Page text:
Sunday's third stoppage of play at Champions Trace at Keene Trace Golf Club came with the four leaders - Hunter Mahan, Robert Streb, Tom Lovelady and Troy Merritt at 18 under par - and four other contenders waiting to begin the round.

The tournament will resume at 7:30 a.m. on Monday. Lightning caused one delay, and play was stopped earlier in the afternoon to clear water that accumulated on the course following a morning of steady and sometimes-heavy rain.

Inclement weather has plagued the tournament throughout the weekend. The second round was completed Saturday morning after being suspended by thunderstorms late Friday afternoon.

The resumption will mark the PGA Tour's second Monday finish this season. Jason Day won the Farmers Insurance Open in January after darkness delayed the sixth playoff hole, and he needed just 13 minutes to claim the victory.

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Watch: Spectator films as Woods' shot hits him

By Will GrayJuly 23, 2018, 12:07 am

It was a collision watched by millions of fans on television, and one that came at a pivotal juncture as Tiger Woods sought to win The Open. It also gave Colin Hauck the story of a lifetime.

Hauck was among dozens of fans situated along the left side of the 11th hole during the final round at Carnoustie as the pairing of Woods and Francesco Molinari hit their approach shots. After 10 holes of nearly flawless golf, Woods missed the fairway off the tee and then pulled his iron well left of the target.

The ball made square contact with Hauck, who hours later tweeted a video showing the entire sequence - even as he continued to record after Woods' shot sent him tumbling to the ground:

The bounce initially appeared fortuitous for Woods, as his ball bounded away from thicker rough and back toward the green. But an ambitious flop shot came up short, and he eventually made a double bogey to go from leading by a shot to trailing by one. He ultimately shot an even-par 71, tying for sixth two shots behind Molinari.

For his efforts as a human shield, Hauck received a signed glove and a handshake from Woods - not to mention a firsthand video account that will be sure to spark plenty of conversations in the coming years.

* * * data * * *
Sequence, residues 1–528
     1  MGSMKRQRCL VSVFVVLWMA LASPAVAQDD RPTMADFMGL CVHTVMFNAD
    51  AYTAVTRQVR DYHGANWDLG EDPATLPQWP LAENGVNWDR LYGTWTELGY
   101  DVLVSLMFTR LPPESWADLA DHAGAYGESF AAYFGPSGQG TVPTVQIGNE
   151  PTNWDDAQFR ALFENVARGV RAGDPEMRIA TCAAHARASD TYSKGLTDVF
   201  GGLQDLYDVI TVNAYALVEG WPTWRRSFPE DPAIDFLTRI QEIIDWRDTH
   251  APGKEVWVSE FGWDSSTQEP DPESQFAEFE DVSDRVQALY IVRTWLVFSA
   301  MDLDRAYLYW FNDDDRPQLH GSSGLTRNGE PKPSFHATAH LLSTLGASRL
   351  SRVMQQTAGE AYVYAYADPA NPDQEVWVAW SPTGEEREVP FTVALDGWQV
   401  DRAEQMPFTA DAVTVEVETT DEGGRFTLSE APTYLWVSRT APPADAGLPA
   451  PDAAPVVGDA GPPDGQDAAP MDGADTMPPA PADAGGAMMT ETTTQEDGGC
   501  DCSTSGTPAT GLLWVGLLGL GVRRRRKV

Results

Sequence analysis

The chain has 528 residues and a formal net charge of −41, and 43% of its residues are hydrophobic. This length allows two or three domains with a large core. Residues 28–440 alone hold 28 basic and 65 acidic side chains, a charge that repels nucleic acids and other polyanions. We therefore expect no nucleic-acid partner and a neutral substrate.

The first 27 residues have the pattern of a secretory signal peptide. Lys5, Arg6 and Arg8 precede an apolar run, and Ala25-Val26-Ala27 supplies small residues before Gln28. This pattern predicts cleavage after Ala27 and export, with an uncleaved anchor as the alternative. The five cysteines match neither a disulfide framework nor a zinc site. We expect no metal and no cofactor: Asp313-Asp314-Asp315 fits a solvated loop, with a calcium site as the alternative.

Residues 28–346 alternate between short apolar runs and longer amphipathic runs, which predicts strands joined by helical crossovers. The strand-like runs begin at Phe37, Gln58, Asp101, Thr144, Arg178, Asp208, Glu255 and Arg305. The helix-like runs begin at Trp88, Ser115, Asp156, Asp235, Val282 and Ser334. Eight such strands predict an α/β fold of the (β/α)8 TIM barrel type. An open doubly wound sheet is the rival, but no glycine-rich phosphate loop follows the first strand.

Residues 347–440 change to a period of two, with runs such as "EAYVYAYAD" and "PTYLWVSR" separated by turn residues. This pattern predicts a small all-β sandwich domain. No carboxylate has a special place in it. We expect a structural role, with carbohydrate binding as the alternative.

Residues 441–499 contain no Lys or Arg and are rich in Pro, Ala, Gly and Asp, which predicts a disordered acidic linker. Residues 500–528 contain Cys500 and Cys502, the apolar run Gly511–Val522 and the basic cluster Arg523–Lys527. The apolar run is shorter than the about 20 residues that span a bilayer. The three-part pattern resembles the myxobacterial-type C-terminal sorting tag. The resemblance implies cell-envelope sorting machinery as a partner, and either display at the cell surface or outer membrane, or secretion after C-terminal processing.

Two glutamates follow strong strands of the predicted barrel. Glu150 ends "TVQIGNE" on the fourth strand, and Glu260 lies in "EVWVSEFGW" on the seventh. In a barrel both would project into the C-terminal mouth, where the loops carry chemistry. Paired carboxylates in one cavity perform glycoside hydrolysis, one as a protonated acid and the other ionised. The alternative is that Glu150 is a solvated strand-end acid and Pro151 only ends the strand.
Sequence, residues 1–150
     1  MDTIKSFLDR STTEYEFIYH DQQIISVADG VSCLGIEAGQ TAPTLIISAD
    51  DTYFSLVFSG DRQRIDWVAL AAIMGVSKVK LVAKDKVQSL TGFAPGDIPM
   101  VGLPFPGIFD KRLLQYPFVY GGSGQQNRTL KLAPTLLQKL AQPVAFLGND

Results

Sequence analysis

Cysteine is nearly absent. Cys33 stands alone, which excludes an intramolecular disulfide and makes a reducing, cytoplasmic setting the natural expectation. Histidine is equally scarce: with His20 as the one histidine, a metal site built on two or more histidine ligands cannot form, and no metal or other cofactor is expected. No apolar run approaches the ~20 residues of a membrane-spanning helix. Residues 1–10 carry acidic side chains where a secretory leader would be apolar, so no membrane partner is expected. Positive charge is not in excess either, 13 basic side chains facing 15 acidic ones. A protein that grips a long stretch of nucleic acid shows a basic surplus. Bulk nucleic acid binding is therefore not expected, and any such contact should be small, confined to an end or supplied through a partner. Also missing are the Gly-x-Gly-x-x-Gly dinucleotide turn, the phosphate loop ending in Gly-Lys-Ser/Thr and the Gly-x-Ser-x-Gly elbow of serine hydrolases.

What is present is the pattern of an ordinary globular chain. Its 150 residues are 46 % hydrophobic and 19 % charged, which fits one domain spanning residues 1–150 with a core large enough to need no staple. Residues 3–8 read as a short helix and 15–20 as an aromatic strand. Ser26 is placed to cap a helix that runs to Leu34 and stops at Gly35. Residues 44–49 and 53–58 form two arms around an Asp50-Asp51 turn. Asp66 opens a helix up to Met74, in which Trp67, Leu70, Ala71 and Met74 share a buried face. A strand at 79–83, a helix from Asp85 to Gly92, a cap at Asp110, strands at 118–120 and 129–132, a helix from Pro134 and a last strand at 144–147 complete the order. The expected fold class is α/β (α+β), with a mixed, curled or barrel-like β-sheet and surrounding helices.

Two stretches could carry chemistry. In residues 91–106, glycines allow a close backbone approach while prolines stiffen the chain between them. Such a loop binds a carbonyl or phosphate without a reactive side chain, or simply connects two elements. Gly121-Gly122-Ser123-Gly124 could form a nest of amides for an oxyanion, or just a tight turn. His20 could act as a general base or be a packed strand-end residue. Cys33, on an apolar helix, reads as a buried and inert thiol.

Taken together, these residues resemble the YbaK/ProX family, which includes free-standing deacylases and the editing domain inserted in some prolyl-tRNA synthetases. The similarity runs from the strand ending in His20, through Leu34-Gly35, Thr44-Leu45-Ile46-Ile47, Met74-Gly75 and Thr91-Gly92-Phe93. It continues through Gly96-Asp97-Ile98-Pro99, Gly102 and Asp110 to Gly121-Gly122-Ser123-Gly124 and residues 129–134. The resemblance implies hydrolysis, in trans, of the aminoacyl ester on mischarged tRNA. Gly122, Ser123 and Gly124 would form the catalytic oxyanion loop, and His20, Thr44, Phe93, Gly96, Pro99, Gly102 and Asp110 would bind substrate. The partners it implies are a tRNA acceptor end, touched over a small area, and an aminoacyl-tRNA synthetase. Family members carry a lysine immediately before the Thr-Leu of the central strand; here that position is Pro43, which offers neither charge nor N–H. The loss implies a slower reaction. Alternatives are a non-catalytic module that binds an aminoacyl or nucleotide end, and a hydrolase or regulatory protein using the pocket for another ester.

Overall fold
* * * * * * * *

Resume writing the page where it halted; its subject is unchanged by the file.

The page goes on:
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Molinari retirement plan: coffee, books and Twitter

By Will GrayJuly 22, 2018, 9:35 pm

After breaking through for his first career major, Francesco Molinari now has a five-year exemption on the PGA Tour, a 10-year exemption in Europe and has solidified his standing as one of the best players in the world.

But not too long ago, the 35-year-old Italian was apparently thinking about life after golf.

Shortly after Molinari rolled in a final birdie putt to close out a two-shot victory at The Open, fellow Tour player Wesley Bryan tweeted a picture of a note that he wrote after the two played together during the third round of the WGC-HSBC Champions in China in October. In it, Bryan shared Molinari's plans to retire as early as 2020 to hang out at cafes and "become a Twitter troll":

Molinari is active on the social media platform, with more than 5,600 tweets sent out to nearly 150,000 followers since joining in 2010. But after lifting the claret jug at Carnoustie, it appears one of the few downsides of Molinari's victory is that the golf world won't get to see the veteran turn into a caffeinated, well-read troll anytime soon.